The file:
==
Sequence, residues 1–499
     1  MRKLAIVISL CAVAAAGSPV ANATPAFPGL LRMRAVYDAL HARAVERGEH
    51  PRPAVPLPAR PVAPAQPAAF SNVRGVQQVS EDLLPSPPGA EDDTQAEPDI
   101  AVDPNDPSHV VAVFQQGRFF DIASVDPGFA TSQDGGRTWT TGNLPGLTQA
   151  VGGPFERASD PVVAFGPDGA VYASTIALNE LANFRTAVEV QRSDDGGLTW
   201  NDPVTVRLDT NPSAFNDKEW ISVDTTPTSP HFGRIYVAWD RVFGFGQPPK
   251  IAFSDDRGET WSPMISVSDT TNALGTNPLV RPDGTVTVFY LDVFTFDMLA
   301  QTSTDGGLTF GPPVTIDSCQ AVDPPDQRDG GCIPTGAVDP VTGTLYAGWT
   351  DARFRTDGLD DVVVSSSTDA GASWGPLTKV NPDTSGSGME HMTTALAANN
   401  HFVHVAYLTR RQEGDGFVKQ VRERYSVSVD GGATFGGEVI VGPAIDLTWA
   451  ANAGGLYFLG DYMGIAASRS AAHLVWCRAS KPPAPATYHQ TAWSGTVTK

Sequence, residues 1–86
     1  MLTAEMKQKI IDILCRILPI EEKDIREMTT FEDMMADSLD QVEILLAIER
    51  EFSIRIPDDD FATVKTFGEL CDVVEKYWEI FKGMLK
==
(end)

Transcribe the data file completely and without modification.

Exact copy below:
Sequence, residues 1–499
     1  MRKLAIVISL CAVAAAGSPV ANATPAFPGL LRMRAVYDAL HARAVERGEH
    51  PRPAVPLPAR PVAPAQPAAF SNVRGVQQVS EDLLPSPPGA EDDTQAEPDI
   101  AVDPNDPSHV VAVFQQGRFF DIASVDPGFA TSQDGGRTWT TGNLPGLTQA
   151  VGGPFERASD PVVAFGPDGA VYASTIALNE LANFRTAVEV QRSDDGGLTW
   201  NDPVTVRLDT NPSAFNDKEW ISVDTTPTSP HFGRIYVAWD RVFGFGQPPK
   251  IAFSDDRGET WSPMISVSDT TNALGTNPLV RPDGTVTVFY LDVFTFDMLA
   301  QTSTDGGLTF GPPVTIDSCQ AVDPPDQRDG GCIPTGAVDP VTGTLYAGWT
   351  DARFRTDGLD DVVVSSSTDA GASWGPLTKV NPDTSGSGME HMTTALAANN
   401  HFVHVAYLTR RQEGDGFVKQ VRERYSVSVD GGATFGGEVI VGPAIDLTWA
   451  ANAGGLYFLG DYMGIAASRS AAHLVWCRAS KPPAPATYHQ TAWSGTVTK

Sequence, residues 1–86
     1  MLTAEMKQKI IDILCRILPI EEKDIREMTT FEDMMADSLD QVEILLAIER
    51  EFSIRIPDDD FATVKTFGEL CDVVEKYWEI FKGMLK